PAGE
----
chocolate is a verb

colors, flavors, whims and other growing things

four dozen oysters

D and family at Earl Carroll

This photograph dates from the year my mother met and married my father, but he’s not in it, and whether that meeting — their blind date — had happened yet I don’t know. We see my mother, at the far end of the left side of the table, with her family — her mother, brother, uncle, aunt, cousin, sister-in-law and her mother’s second husband — at Earl Carroll Theatre Restaurant in Hollywood.

My parents didn’t discuss the intersection of their premarital lifestyles, but there must have been an adjustment for both of them. My mother was used to privilege — fur coats and Oysters Rockefeller — while my father, a hardworking civil engineer newly returned from war, hailed from people of very modest means who were more concerned with family than with fashion.

In fact, my parents were opposites in many ways. Where my mother was emotional, my father was cerebral. He was quiet, she voluble. She was delicate; he was a rock. She said whatever came into her head; he rarely spoke an unconsidered word. He was serious, she was a party girl. He was loved, she felt unloved. My mother, who outlived my father, had a litany of physical complaints; my father had little use for illness and was hardly ever sick until the very end of his life. His family was deeply religious; her family saw religion as a social group. She loved dressing up, he didn’t. He loved children, she didn’t.

The extremes of their oppositeness contributed to their initial attraction and, over the years, tempered somewhat. My mother missed her fancy-dress life, but she eventually admitted that she would never turn my father into a man who would truly care about the cut of an elegant suit. My father uncomplainingly indulged my mother in her own taste for beautiful things, but drew the line when it came to man-jewelry.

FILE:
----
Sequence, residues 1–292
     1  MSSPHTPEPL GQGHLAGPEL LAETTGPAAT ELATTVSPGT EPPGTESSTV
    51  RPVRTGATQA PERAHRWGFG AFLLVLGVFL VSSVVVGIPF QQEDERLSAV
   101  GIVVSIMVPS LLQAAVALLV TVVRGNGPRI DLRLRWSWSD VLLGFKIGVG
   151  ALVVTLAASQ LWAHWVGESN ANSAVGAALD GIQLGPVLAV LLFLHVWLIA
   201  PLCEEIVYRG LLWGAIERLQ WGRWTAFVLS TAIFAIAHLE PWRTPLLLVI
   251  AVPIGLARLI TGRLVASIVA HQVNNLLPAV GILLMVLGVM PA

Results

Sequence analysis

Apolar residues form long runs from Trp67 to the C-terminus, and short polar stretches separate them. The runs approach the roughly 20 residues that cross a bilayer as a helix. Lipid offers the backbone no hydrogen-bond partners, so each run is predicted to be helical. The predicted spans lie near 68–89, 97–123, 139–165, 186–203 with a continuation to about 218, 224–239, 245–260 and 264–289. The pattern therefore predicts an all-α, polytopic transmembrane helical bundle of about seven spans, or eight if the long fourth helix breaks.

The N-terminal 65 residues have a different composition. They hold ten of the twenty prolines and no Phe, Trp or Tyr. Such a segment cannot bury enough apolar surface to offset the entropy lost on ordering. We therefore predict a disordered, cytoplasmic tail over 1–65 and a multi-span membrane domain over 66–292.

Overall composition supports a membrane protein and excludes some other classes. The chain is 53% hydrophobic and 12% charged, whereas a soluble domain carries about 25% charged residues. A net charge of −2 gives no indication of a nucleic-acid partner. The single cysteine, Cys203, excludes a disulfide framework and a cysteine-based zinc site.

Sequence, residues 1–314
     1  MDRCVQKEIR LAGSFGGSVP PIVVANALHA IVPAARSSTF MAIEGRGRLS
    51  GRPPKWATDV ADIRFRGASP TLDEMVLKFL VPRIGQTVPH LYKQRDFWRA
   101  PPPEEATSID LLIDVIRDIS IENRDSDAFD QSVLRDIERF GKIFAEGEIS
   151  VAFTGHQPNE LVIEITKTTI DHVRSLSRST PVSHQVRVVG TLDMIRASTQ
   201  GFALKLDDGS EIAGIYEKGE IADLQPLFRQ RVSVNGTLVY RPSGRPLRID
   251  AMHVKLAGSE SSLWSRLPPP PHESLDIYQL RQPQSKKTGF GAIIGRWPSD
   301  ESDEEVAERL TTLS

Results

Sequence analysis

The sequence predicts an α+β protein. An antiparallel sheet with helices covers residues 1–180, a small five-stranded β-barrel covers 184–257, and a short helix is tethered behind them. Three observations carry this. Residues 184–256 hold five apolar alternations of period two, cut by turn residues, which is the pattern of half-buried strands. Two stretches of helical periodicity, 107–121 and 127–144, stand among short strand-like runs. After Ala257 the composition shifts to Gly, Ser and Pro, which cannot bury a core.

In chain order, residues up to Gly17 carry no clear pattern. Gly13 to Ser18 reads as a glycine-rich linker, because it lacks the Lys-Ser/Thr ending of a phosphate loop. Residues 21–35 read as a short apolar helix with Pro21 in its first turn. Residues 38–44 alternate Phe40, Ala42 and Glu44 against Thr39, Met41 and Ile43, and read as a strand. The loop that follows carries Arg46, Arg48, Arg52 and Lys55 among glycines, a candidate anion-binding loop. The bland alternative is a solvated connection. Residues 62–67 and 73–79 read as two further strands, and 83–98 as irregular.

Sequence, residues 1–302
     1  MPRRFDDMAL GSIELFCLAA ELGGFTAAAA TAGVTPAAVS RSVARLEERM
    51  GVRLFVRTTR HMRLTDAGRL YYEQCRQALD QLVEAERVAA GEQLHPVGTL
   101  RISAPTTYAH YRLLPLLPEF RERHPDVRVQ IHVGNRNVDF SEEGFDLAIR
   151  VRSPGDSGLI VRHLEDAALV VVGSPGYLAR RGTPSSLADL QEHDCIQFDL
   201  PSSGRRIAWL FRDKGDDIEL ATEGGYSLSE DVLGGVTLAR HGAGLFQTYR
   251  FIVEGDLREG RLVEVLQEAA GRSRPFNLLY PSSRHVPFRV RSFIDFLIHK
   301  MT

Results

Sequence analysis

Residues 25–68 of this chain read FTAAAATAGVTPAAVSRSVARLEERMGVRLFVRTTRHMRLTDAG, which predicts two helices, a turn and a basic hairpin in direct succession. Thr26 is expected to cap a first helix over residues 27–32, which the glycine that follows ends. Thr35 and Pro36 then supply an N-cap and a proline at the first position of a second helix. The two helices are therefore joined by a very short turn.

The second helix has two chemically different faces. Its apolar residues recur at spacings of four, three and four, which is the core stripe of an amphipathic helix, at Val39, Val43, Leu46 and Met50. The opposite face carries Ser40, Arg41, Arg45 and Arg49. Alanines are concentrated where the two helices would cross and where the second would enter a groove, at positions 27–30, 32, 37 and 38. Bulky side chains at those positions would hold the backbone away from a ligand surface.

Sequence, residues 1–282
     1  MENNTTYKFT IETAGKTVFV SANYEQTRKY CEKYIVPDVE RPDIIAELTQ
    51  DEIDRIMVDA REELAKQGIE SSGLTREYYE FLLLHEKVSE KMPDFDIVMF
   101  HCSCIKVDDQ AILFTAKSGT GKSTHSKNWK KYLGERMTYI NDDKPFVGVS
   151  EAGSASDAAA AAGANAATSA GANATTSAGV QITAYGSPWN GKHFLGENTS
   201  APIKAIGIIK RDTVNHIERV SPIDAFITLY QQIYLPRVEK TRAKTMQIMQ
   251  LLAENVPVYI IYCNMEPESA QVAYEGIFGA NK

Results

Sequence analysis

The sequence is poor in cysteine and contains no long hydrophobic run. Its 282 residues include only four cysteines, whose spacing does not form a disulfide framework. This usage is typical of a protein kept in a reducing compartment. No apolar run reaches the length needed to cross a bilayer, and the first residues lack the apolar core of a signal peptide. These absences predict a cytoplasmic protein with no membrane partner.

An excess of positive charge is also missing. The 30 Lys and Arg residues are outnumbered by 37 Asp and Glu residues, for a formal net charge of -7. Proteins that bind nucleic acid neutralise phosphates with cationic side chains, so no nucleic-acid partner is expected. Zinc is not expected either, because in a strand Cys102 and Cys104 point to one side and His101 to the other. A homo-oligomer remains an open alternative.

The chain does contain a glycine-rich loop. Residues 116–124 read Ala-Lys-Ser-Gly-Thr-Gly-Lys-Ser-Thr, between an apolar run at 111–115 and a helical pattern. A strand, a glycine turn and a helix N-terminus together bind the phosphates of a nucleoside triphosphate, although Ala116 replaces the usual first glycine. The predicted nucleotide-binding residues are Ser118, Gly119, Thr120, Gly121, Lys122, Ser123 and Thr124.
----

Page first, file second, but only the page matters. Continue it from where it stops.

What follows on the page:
And yet, after decades of marriage, it was their oppositeness that wore them down and, although they stayed together, pulled them away from one another. My mother wished for someone with emotions as hungry and uncensored as her own; my father would have appreciated some restraint.

In myself, I find them both — the needy and the withholding, the flamboyant and the modest, the satisfied and the discontent — looking for the words and the voice that will give expression to a single integrated identity.

6 responses to “four dozen oysters

  1. tomwisk July 11, 2013 at 12:23 pm

    I wish I hadn’t been adopted. I want to know about my birth mother and what happened after she dropped me off at the home. My adoptive parents were nice, but I’ve learned about them.

  2. jik July 11, 2013 at 5:12 pm

    Can you find out anything about your mother? Seems like there are more resources available these days for people who want to search…

  3. Carey Taylor July 12, 2013 at 10:26 am

    Honest, poignant, beautiful. My own “polar opposite” parents eventually forced a balancing of myself–that sweet spot I took years to feel comfortable in. I love these stories, and they have been helpful to me. So glad you are sharing them with the world.

  4. jik July 12, 2013 at 10:55 am

    Thank you so much, Carey. Intriguing how we’re drawn to people and stories similar to our own… I’m looking forward to reading yours.

  5. Kim Bultman July 18, 2013 at 1:13 pm

    Saw a lot of myself in your post (and my marriage) (and my parents’ marriage) — grateful for your perspectives. This photo of your Mom reminded me of her self-portrait a few posts ago; she had presence, that’s for sure. Your final paragraph knocked the wind out of me. You are a poet AND a writer — duality is in your genes? Awesome post.

  6. jik July 19, 2013 at 5:44 am

    Thank you, Kim. Your comment makes my day. jik

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